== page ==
1967 Israeli-Arab Six Day war:
Senator William Fulbright: Jews Control the Senate
June 9, 1967
1967 Israeli-Arab Six Day war:
Senator William Fulbright asserts that the Jews Control the Senate
This excerpt of the Senate Foreign Relations Committee meeting of June 9, 1967, sheds interesting light on the attitude of Chairman William Fulbright and Senator Hickenlooper. The discussion was no doubt colored by bitterness over Israeli sinking of the Liberty on June 8, but was ostensibly about the discovery, by the American policy makers, that they had little or no leverage on Israel:
Israel had purchased most of its arms from France, because the US would not supply arms to Israel and refused most requests. Germany, as the hearings reveal elsewhere, had supplied Israel with some equipment, including about 60 M-48 Patton tanks (the number is exaggerated by some sources, but that is the figure given in the committee hearings). The tanks were being converted to diesel fuel at the time of the war, and were mostly out of service. Israel had asked for M-48 tanks to "replace" those tanks (they asked for a hundred tanks to replace 60 apparently) but the US refused.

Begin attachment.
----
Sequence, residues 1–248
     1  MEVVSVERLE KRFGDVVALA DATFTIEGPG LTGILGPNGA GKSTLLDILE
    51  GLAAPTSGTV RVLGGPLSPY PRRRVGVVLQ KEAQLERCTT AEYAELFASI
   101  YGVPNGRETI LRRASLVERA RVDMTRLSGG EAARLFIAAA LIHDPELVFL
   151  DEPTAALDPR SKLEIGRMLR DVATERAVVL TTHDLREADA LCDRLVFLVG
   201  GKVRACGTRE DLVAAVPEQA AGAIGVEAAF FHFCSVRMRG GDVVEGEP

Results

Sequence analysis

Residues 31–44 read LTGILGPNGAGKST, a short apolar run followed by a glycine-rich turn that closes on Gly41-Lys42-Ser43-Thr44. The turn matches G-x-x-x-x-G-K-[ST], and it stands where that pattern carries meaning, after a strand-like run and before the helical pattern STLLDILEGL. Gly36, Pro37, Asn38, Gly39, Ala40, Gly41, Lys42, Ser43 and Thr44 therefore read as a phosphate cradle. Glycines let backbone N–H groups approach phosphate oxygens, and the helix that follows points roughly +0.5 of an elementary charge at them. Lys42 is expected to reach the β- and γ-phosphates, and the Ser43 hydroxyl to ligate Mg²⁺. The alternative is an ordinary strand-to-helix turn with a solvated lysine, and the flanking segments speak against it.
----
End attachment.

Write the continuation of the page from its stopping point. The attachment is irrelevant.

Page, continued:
The senators, and apparently Secretary of State Rusk, were perhaps ignorant of the fact that United Jewish Appeal contributions and other donations were used for reforestation, road building, building of the Hebrew University, building and equipping of hospitals and other such civilian projects. Arms were financed from taxes and long term loans. Without the charitable donations, Israel would still have borrowed money to buy armaments. The crucial part of the dialog between Chairman Fulbright, and Senator Symington, who apparently could not believe his ears:
The introduction above is copyright 2007 by Ami Isseroff. The document below is in the public domain. It was declassified by the United States government under the Freedom of Information act and is posted at: http://www.fas.org/irp/congress/2007_hr/1967executive.html.Please cite the sources.